Microbiota research is rapidly moving towards more exotic anatomical body sites characterized by medium (oral, nasal, skin, vaginal, meconium) and low (lung, solid tumors (biopsies), breastmilk and placenta) microbial densities. Considering prior methodological findings11,23,38 as well as the observations presented here, we encourage researchers to carefully adapt their methodological approaches to low biomass microbiota samples to ensure analytical standardization and reproducibility. Our study provides an experimental protocol adapted to the analysis of low biomass biospecimens.
Materials and methods
Fecal sample storage
Fresh stools were collected from 2 healthy donors. Informed consent was obtained from donors in writing before study inclusion. The study design was evaluated and approved by the local ethics committee (Comité de Protection des Personnes Ile de France VI, Paris, France). Research was performed in accordance with the Declaration of Helsinki. Stools were collected immediately after emission in a container allowing anaerobic bacteria preservation (Anaerocult band; Merck, Darmstadt, Germany), placed in aliquots in a CO2-rich O2-low atmosphere and stored at − 80 °C.
Fecal microbiota was extracted by means of gradient purification under anaerobic condition (Freter chamber) as previously described39. Briefly, 2 g of thawed feces were diluted in 1X PBS (Eurobio), 0.03% wt/vol sodium deoxycholate, and 60% wt/vol Nycodenz (Sigma-Aldrich, St Louis, Mo) and loaded on a continuous Nycodenz based density gradient obtained by a freeze–thaw cycle. Fecal bacteria were obtained after ultracentrifugation (14,567 g for 45 min at + 4 °C; Beckman Coulter ultracentrifuge, swinging rotor SW28; Beckman Coulter, Fullerton, Calif) and washed 3 times in 1X PBS (Eurobio) and 0.03% wt/vol sodium deoxycholate. The final pellet was diluted in 8 mL 1X PBS–10% glycerol, immediately frozen in liquid nitrogen, and then stored at − 80 °C40.
Creation of low biomass biospecimens
Samples containing 108, 107, 106, 105 and 104 microbes were prepared from serial dilutions of the two healthy donor stools. Microbial cell count was assessed using AQUIOS Flow count spheres (Beckman Coulter, B96656). Briefly, we used 1 µL of stool sample mixed with 100 µL of beads with a known concentration.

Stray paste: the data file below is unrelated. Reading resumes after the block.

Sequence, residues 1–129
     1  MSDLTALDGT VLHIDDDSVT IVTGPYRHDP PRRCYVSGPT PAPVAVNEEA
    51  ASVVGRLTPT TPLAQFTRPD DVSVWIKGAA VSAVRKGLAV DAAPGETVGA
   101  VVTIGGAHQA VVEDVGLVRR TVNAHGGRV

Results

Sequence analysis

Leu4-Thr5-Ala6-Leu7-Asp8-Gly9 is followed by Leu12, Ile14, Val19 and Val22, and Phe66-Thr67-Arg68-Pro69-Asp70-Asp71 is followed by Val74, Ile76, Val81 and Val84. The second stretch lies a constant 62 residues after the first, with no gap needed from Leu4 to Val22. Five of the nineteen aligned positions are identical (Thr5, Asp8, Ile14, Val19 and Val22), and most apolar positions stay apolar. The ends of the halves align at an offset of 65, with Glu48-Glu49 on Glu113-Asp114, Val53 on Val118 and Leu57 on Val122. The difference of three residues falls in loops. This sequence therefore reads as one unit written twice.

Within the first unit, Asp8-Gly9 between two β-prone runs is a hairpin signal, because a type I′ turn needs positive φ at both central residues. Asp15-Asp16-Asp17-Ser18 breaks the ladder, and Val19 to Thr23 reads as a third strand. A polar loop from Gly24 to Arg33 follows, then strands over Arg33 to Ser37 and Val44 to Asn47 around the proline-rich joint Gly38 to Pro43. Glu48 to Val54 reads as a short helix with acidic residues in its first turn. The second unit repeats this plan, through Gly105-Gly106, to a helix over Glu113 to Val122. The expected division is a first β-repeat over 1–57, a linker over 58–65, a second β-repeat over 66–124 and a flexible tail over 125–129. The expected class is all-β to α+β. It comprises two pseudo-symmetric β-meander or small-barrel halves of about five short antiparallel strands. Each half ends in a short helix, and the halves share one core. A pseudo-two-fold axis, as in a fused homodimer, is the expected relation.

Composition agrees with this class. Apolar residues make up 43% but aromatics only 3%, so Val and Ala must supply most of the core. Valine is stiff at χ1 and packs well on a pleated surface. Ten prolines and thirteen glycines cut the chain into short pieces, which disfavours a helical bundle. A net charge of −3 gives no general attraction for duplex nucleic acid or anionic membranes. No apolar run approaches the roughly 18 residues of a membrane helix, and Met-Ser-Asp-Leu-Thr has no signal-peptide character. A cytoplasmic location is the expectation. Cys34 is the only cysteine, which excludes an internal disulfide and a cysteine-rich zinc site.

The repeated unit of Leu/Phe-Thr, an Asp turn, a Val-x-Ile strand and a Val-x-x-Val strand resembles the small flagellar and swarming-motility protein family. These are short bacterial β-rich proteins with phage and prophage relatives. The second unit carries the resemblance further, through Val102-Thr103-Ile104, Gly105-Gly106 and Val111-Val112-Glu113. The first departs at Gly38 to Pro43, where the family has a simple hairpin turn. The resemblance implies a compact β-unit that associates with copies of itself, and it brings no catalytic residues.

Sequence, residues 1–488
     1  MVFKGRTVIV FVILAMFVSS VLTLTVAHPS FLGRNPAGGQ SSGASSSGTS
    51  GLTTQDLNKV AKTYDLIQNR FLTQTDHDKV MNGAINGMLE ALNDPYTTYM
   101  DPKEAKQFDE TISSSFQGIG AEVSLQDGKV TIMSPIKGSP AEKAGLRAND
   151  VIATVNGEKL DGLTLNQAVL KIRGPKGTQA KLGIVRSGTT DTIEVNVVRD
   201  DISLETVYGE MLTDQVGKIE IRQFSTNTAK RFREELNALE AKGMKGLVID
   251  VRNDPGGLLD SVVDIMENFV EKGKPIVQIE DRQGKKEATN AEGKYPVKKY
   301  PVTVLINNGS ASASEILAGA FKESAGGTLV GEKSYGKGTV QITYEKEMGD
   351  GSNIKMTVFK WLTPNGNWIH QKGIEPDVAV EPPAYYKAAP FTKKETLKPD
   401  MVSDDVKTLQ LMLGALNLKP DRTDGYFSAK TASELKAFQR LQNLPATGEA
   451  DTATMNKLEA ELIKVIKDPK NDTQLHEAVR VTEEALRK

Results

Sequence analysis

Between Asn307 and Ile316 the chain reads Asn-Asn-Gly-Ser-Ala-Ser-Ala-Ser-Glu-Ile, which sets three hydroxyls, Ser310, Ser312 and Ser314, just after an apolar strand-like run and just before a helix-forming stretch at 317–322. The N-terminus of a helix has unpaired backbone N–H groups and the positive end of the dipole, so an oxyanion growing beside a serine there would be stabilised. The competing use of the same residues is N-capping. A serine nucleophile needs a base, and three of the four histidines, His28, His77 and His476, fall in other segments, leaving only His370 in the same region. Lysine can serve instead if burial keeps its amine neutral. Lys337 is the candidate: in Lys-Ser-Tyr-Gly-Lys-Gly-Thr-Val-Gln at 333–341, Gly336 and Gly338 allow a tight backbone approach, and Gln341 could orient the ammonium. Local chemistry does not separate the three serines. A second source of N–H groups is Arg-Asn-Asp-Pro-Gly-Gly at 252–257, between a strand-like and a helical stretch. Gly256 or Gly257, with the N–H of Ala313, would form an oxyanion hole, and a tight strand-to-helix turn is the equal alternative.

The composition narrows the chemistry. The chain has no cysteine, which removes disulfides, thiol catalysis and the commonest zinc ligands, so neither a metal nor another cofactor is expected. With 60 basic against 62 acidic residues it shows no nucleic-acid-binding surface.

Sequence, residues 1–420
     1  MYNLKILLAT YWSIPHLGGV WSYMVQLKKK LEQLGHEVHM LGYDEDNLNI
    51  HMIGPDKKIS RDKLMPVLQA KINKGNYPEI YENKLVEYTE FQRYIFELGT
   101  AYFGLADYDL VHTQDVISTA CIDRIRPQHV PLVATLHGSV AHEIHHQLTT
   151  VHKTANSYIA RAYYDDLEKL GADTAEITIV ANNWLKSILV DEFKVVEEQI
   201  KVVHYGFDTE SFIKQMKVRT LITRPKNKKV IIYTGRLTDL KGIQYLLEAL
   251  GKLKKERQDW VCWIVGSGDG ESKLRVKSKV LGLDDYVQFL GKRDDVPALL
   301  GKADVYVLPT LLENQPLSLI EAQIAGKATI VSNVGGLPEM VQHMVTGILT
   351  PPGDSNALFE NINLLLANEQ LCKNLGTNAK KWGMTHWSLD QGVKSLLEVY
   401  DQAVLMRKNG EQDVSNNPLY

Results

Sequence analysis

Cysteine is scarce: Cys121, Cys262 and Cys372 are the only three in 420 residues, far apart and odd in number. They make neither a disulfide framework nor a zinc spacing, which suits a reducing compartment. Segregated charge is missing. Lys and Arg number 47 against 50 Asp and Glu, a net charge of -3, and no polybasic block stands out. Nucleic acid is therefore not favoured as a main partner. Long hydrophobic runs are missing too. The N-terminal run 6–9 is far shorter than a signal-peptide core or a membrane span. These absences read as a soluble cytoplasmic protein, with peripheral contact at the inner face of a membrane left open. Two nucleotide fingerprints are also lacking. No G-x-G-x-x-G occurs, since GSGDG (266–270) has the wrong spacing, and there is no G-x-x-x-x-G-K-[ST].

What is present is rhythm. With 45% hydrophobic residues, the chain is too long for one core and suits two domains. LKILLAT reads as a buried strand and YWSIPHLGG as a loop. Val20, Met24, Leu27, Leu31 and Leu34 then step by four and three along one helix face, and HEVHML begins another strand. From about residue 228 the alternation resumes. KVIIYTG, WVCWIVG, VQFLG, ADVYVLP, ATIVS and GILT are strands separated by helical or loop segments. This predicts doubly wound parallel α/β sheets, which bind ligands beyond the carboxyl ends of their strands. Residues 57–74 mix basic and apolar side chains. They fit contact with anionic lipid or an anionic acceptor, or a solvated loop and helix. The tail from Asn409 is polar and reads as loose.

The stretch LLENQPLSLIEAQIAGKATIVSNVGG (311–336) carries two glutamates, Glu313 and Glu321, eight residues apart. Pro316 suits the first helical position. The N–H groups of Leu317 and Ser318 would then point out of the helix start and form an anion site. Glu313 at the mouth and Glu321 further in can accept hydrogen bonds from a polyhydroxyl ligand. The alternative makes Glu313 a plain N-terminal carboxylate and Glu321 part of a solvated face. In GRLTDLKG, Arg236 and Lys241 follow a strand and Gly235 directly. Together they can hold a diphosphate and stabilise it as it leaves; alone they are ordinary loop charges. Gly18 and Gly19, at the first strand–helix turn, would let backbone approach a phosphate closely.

Mock microbial community standards were purchased from Zymobiomics (Ozyme SAS, France) for whole-cell microbial community standard (D6300) and genomic DNA microbial community standard (D6305). The Zymobiomics standards contained 8 different bacterial strains at a theoretical genomic DNA concentration of 12% for each bacteria. Based on 16S rRNA gene copy numbers we obtained corrected 16S rRNA gene relative abundances of 17.4% B. subtilis, 9.9% E. faecalis, 10.1% E. coli, 18.4% L. adolescentis, 14.1% L. monocytogenes, 4.2% P. aeruginosa, 10.4% S. enterica and 15.5% S. aureus. The corrected theoretical abundance served as theoretical abundance here. Approximately 109 microbes of Zymobiomics standard were used per extraction.
We employed three different DNA extraction protocols. All methods were based on chemical and mechanical cell lysis followed by DNA isolation.
Chemical extraction protocol was conducted as previously described15. Briefly, samples prepared as described higher were centrifugated at 12.000 rpm and (I) resuspended in guanidine thyocyanate and N-Lauroyl Sarcosine, (II) heated in a dry water bath at 70 °C followed by (III) mechanical lysis (FastPrep) using 0.1 mm and 0.5 mm glass beads. (IV) Polyvinylpyrrolidone (PVP) was used for the removal of polymerase chain reaction (PCR) inhibitors, such as polyphenols. (V) Finally, impurities are removed by precipitation in 100% isopropanol overnight. The supernatant containing the purified DNA was treated with RNAse and genomic DNA was ethanol precipitated.
For affinity-based protocols we used Zymobiomics MagBeads (Zymo Research D4306, magnetic beads) and Miniprep (Zymo Research D4300, silica column) kits. MagBeads kit was used after step IV from the chemical extraction protocol. Miniprep kit was used according to manufacturer instructions.
Mechanical cell lysis for the mock Community Standard was performed by bead beating (0.1 mm and 0.5 mm glass beads, Tissue Lyzer, QIAGEN, France) for varying amounts of time and repetitions; 3 × 30 s, 2 × 5 min and 4 × 5 min were tested. Of note, samples were left on ice for 5 min between each bead beating. Extraction of the mock microbial community standard with chemical cell lysis was conducted with 3 × 30 s mechanical lysing.
16S rRNA gene amplification and amplicon sequencing